The rainbow armband came to wider prominence at Euro 2020 when worn by Germany’s Manuel Neuer prompting a much-criticised UEFA investigation. The governing body dropped its review but incurred further ire for its stance against the Allianz Arena being lit up in multi colours for the clash with Hungary.
The band represents solidarity with the LGBT+ community during June’s Pride month and, along with the laces campaign, is seen as an attempt to combat homophobia in the sport. It was not the first time the rainbow colours were displayed on a captain’s armband, however.
In June 2016, USA’s Michael Bradley’s side faced Ecuador in the Copa America quarterfinals at CenturyLink Field in Seattle. The fixture came just five days after the mass shooting at Orlando’s Pulse gay nightclub, one of the deadliest attacks in American history. The player himself approached the team’s equipment manager Jesse Bignami and collaborated with the Seattle Reign and Sounders, who’d fashioned something similar for the previous year’s Pride, to create the strap which sported the team’s motto “One Nation.”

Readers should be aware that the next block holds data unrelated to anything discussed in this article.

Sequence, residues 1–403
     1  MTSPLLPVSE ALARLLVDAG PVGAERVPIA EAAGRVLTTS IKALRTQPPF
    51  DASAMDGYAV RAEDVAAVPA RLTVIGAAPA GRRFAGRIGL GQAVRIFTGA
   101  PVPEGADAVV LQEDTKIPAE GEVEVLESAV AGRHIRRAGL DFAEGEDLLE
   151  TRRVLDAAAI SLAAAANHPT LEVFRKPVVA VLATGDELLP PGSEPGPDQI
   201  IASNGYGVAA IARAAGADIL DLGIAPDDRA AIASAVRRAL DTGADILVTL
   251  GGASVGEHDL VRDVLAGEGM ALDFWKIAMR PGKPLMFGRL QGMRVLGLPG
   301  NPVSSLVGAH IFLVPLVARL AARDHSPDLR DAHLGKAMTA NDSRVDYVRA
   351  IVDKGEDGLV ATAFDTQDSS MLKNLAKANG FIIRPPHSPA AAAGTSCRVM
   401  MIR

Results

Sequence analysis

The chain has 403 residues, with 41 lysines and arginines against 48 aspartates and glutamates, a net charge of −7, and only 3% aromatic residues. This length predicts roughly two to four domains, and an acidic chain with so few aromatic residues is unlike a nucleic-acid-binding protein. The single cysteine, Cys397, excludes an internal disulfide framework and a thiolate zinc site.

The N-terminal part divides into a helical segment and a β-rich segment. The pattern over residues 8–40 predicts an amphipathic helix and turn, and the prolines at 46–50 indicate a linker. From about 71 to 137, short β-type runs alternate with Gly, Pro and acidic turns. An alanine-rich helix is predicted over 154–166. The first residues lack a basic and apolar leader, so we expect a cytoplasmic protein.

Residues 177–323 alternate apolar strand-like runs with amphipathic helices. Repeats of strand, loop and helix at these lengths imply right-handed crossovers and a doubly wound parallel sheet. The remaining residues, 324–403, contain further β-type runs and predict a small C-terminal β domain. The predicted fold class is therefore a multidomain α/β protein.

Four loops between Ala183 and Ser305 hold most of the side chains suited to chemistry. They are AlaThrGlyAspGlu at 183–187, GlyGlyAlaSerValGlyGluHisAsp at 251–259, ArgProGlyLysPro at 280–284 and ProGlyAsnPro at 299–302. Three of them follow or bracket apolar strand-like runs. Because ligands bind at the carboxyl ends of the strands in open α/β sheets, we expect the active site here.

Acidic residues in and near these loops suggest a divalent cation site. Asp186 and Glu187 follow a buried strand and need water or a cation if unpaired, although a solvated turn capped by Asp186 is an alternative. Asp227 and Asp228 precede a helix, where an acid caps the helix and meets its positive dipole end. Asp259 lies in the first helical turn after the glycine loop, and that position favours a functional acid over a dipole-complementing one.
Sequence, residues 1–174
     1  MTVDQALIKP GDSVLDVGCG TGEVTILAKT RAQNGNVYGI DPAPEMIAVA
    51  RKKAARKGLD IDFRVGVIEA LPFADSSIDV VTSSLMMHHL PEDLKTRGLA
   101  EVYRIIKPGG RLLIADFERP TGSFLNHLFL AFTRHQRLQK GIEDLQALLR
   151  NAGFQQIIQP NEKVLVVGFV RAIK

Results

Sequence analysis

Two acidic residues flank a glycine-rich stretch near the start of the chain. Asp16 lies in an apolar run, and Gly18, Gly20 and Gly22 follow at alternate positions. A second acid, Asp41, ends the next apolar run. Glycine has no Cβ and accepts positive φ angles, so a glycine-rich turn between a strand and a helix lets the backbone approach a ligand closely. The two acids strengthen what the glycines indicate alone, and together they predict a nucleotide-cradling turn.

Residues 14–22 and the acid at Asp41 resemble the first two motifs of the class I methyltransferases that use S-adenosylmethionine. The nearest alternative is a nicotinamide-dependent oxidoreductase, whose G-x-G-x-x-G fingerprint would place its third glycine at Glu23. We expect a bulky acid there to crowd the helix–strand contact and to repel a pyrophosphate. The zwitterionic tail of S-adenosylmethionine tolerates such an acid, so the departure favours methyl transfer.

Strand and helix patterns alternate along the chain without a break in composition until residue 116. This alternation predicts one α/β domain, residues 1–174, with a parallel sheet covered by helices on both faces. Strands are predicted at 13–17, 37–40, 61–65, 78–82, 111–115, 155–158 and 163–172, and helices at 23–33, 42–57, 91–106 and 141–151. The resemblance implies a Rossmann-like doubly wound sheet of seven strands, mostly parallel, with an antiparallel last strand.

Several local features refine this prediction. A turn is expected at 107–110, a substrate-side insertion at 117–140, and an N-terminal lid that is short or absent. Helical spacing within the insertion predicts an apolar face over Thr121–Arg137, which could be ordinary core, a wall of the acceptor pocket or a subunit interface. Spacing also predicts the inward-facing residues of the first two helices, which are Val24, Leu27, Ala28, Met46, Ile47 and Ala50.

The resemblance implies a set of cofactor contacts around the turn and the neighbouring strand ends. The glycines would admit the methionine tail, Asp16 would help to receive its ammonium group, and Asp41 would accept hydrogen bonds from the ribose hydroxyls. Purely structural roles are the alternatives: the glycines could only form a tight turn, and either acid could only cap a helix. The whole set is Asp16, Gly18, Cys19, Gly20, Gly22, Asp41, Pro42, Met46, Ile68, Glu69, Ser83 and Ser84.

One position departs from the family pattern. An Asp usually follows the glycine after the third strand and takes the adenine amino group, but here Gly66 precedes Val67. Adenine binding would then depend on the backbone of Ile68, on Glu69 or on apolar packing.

The skipper’s move sparked huge praise especially among LGBT+ organisations while rumours also abounded that U.S. Soccer willingly paid a $1000 fine to display the armband.
Image: Instruct, a Manchester-based studio that works closely with the National Football Museum. instruct.studio
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